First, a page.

City of Grace

By Jake Adam York 1972–2012

Welcome to Jackson: City of Grace and Benevolence

City of Grace, you open,
you part your curtains
and smile like a hostess
when we call your name,
you tender what any traveler needs,
a call to ease, a balm,
a kindness, whatever storm.
You take us in. City of Grace
and Benevolence, you say
you know what solace means,
burned so often they called you
Chimneyville, and now
you can't forget,
you've written it in bronze
outside the City Hall
the War made a hospital
for the Yankee
and for your Rebel sons,
like the one who is always dying
outside the Capitol.
City of Fame,
you hold him still, laurel
on your crown, fan
making a hand of wind
to soothe his face
and fill the eagle's wings
spread above to promise,
Virtute et armis, to say again
just how far you'll go.
City of Remembrance,
you keep so well, you show us
where Welty lived,
the house still there, how she skated
to the library, through
the Capitol, the book
now cast and open in her hands.
Tell me now, City of Embrace,
of the newsreels' children
rounded from their march,
flags gathered, the children
trucked to the fairground cages,
the ones who peer out
through the chicken wire.
City of Richard Wright
and Ross Barnett, tell me
not just where the Governor pled
I love Mississippi, I love her people,
her customs, but where the writer
went to school, a short walk
from here, thinking it was not
until one wanted the world to be different
that one would look at the world
with will and emotion, and tell me,
then, where Medgar Evers lived,
whom you remember
with a post office and a stamp
and an airport, though
when I've asked you've turned
to someone else and said
Can you help this man find his friend?


Ambivalent City, you know the way,
but you let me find it, the statue,
the library, miles away,
the Boulevard, and then the house,
the plaque that tells us
this is where he lived, perfect
as a photograph, as a movie,
only the color's unreal,
or too real, the green piercing,
the hose uncoiled as if someone
might return to water the lawn.
Neighbors cruise, panning
like cameras as I stand
where he must have stood
choosing the house with no front door,
where Beckwith must have stood,
who drove the town asking everyone
where Evers lived, where
he marked his man.
There is nowhere else to stand.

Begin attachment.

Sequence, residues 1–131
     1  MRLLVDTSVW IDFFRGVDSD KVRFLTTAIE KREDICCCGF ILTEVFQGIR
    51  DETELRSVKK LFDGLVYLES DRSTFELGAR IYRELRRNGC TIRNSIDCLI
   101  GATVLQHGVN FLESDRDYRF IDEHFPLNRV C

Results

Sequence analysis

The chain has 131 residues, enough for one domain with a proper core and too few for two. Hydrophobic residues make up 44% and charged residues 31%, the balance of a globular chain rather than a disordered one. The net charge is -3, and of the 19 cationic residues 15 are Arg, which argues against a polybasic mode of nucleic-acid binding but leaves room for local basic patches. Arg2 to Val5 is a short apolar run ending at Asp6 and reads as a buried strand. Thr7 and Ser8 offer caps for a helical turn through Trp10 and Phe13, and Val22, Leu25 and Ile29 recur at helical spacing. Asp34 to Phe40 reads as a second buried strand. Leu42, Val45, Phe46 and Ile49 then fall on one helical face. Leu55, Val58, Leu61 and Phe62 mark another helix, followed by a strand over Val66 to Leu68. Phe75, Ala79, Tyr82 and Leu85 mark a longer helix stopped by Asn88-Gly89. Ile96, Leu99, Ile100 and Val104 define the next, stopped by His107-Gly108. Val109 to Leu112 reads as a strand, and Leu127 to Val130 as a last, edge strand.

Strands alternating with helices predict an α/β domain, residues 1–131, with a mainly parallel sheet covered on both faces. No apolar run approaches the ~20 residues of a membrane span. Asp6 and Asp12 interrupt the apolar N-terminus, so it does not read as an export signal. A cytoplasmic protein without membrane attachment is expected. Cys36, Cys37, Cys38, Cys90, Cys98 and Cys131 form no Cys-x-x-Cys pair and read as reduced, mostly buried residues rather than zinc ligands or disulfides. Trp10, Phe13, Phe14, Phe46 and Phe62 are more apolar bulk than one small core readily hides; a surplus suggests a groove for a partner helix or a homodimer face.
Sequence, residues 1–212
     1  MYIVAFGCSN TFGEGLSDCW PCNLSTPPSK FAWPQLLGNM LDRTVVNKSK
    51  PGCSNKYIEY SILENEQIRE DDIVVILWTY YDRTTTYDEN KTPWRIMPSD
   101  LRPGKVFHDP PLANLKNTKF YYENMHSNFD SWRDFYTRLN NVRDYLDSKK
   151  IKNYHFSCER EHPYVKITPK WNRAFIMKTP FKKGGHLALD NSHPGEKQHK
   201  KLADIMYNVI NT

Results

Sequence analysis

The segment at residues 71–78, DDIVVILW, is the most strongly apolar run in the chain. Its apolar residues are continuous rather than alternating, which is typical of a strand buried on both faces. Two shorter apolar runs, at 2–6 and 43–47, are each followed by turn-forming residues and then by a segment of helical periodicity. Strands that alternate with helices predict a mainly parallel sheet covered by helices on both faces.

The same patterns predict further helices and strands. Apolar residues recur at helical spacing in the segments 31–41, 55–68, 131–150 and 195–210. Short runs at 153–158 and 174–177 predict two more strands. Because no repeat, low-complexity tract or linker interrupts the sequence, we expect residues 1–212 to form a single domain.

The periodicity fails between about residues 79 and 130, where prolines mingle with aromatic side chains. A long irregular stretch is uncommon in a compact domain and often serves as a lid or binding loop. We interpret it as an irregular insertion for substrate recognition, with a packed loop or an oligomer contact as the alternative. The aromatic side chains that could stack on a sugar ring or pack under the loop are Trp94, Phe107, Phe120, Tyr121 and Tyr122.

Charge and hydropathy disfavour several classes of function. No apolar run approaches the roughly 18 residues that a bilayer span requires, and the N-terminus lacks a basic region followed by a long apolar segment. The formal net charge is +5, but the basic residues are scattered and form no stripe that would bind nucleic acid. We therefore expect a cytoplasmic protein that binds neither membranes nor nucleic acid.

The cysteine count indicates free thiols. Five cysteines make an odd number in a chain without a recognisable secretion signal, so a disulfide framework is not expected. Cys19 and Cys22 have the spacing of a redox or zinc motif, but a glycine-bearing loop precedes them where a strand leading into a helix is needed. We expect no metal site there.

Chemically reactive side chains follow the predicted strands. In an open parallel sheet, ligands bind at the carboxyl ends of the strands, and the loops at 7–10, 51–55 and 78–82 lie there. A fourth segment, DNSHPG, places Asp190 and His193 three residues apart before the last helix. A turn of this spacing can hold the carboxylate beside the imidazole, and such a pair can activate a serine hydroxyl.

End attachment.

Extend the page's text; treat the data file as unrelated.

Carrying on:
A city is a kind of memory,
and if you stay too long
the shape of someone else
will hold you there
until day repeats its failure
and the streetlights wake
and yawn all color from the dusk
and the house becomes a photograph
of itself and the small wings
unfold from the fabric of night,
from all the magnolias' ears
and the broad stretch of the reservoir
and the river you can smell
as they gather into pearls
the stars' historic light,
the eyes' whose looking stays
long after the pupils
have burned away. Fireflies
fall back into the grass,
and the mayflies clasp each other
in a kind of halo. City of Ghosts,
you can't abandon your history,
and it won't abandon you.
You watch each other,
you call each other's names.
The sidewalks, the driveways
gleam like quarried moon,
and each open hand repeats
the ambient light as the crickets
fill with heat and raise again
the street's last breath:
Turn me loose.

Jake Adam York, "City of Grace" from Persons Unknown. Copyright © 2010 by Jake Adam York.  Reprinted by permission of Southern Illinois University Press.

Source: Persons Unknown (Southern Illinois University Press, 2010)

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Poet Jake Adam York 1972–2012

POET’S REGION U.S., Southern

Subjects Nature, Landscapes & Pastorals, Social Commentaries, Cities & Urban Life

Biography

Poet and teacher Jake Adam York was born in Florida and raised in Alabama, the son of a steelworker and a history teacher. He earned degrees from Auburn University and Cornell, and was an associate professor at the University of Colorado-Denver. His books of poetry include Murder Ballads (2005), which won the Elixir Press Poetry Prize; A Murmuration of Starlings (2008), winner of the Colorado Book Award in Poetry; and Persons . . .

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Poem Categorization

SUBJECT Nature, Landscapes & Pastorals, Social Commentaries, Cities & Urban Life

POET’S REGION U.S., Southern

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Originally appeared in Poetry magazine.

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